This is an in-house philosophy, a formalisation of how we approach what we do. We're sharing it because it's been on our minds a lot lately, mostly due to the following...


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09 January 2015


Continuing my very occasional series of write-ups on some of my favourite games I thought I'd cover Force Of Habit and Clockwork Cuckoo office sweetheart Mashed!


Released in 2004 by Supersonic Software, Mashed is a weaponised driving game with a 3rd person camera. It's buggy, broken, seemingly unfinished and we are obsessed with it. I'll pick apart its faults, charming and otherwise, but first I'll cover the basics.


Everything looks to be in order.

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02 November 2014

GameCity - Lumino City

In the ground floor of the main GameCity space, on Carlton Street, Nottingham, is an exhibition dedicated to the production of the sumptuous puzzle adventure game Lumino City by State of Play. Over three years in production, the game is a beguiling blend of realworld model sets and 2D character animation.



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01 November 2014

GameCity - Bang Bang Bang! I'm Dead. Again.

The Monday night of GameCity included LadyCade, a free-for-all exhibition of some of the best games around by female developers.


Sadly, I have to admit that I didn't get to try a lot of them, firstly due to getting there late (I was having dinner with my sister), and secondly thanks to getting momentarily obsessed with Sophie Houlden's game Bang Bang Bang.


This is about to go badly for someone...


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30 October 2014

GameCity - The Sound of Nuclear Throne

For those of you who don't know, GameCity is a wonderful, week-long festival, dotted here and there throughout the historic drinking city of Nottingham. I had the pleasure of spending a couple of days up there and thought I would report back some findings. I had actually intended this report to cover a range of topics and games, but being the audio freak that I am I've ended-up writing way too much about one talk in particular, so I guess I'll be splitting this out into a few separate articles covering things that have caught my eye/ear/assorted-face-holes.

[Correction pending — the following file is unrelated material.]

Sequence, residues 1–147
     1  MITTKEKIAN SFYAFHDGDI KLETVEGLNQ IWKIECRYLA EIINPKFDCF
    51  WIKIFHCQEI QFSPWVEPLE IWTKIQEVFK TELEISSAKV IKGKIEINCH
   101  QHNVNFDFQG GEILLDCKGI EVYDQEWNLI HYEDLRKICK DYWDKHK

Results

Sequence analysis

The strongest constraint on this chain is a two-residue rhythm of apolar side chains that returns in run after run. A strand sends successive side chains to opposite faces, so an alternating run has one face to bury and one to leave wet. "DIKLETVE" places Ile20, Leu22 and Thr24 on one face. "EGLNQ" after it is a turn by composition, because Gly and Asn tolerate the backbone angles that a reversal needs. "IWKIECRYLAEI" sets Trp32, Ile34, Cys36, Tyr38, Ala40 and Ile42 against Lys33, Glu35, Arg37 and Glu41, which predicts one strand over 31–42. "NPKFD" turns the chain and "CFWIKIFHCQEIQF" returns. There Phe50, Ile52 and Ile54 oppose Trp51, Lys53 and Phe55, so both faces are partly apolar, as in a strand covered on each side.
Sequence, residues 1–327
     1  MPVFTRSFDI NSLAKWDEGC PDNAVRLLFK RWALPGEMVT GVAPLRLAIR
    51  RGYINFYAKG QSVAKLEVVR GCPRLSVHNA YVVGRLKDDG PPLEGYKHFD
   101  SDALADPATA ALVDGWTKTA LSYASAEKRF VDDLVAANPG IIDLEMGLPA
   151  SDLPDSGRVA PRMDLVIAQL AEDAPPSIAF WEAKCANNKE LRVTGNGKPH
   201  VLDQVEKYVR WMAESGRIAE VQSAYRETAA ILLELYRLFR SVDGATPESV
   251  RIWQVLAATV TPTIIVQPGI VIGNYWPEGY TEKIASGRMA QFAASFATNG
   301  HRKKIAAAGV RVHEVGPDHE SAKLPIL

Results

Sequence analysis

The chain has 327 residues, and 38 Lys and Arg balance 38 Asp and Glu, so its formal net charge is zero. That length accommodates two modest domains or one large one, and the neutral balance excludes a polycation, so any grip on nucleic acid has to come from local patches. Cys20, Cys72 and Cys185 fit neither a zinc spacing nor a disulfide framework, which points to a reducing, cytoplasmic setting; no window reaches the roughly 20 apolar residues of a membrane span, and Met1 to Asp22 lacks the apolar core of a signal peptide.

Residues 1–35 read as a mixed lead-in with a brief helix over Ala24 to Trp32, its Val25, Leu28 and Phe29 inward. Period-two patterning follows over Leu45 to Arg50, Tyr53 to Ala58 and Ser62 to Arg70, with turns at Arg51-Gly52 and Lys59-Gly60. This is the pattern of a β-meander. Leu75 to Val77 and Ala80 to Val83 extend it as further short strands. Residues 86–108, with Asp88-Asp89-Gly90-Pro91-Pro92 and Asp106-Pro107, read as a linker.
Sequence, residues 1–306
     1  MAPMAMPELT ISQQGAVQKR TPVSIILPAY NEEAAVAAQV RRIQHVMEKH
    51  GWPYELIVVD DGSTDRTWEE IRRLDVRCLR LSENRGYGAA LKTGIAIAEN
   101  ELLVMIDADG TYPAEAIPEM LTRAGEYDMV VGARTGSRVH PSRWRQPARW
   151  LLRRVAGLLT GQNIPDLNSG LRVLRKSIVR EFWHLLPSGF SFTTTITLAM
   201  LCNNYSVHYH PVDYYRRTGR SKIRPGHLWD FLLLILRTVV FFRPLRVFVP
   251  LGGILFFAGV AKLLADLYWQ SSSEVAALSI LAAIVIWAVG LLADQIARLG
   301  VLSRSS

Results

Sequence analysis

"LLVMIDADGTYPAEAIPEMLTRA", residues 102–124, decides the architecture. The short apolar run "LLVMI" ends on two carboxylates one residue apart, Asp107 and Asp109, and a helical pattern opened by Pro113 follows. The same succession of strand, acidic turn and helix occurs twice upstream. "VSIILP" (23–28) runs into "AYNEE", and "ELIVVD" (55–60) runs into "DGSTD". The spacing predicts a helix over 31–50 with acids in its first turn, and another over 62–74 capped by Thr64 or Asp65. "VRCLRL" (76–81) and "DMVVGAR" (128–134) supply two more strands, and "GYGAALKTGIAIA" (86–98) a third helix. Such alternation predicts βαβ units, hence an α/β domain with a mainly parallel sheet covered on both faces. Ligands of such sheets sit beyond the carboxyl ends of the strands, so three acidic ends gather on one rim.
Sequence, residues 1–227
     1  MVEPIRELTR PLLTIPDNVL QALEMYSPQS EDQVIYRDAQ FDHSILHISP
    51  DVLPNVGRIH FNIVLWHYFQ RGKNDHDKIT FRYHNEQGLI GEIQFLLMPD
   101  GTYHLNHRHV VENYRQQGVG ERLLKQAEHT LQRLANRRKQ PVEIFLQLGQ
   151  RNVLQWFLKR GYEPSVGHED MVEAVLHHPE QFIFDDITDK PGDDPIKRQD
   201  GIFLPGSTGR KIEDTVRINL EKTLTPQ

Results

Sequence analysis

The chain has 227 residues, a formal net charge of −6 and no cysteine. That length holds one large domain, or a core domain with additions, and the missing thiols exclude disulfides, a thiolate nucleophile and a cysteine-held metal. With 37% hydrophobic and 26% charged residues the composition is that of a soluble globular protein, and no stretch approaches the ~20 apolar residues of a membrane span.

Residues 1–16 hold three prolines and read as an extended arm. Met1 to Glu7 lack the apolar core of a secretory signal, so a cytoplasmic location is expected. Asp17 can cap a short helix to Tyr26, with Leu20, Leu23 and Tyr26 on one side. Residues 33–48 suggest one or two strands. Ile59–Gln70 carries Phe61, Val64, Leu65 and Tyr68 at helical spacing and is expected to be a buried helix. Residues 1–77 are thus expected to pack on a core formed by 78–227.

Nuclear Throne


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08 August 2014

Neon Caves is coming to Ouya!

Around this time last year we were approached by Indie Statik to create a game for their Kickstarter Game Pack. A game that would be exclusively for the backers. We like making games, and we like Indie Statik, so we said yes!


It would be exclusive, so it wouldn't have a wide audience. The idea was to create something quickly, jam something out like we do all the time, so that's exactly what we did.


We produced Neon Caves, an experimental offshoot of Toast Time that was designed specifically for controller input. If you haven't played Toast Time, the interesting part of it is that movement and shooting are intrinsically linked -- one cannot be performed without the other. We wanted to explore that further.


Health Zone

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08 May 2014

Play Blackpool: The Games

Along with stalwart colleagues, Clockwork Cuckoo, we braved the bank-holiday traffic to drag our sweet behinds up to Play Blackpool to show the latest Friendship Club build.


Rather than give you a blow-by-blow account of our whole weekend (not that exciting), I'll instead talk about some of the games I got to play whilst I was there (more exciting). I'll also tell you about a little game we invented for the motorway that kept us engaged for about eight hours worth of driving (overwhelmingly exciting).


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11 December 2013

Simulating the ZX Spectrum look using OpenGL

Not a guide to binary-complete emulation. Jeez!

A few weeks back - right after the TIGA Game Hack we attended - was the very first Sinclair ZX Spectrum oriented game jam, or very simply, the Speccy Jam. I was too busy (and knackered) to even look at entering at the time, so had to give it a miss. However, I recently had a completely free weekend...


Spurred on a little by Hayden Scott-Baron's recent and wonderful screenshot saturday posts, I decided to make an attempt at achieving the iconic "attribute clash" effect seen on the Speccy - using our internal tools, of course. That's C++ and OpenGL (a lot of wrapper classes), but I'll try to keep it abstract so it's of wider use.


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20 November 2013

TIGA Game Hack: The Making of Timmy Bibble's Friendship Club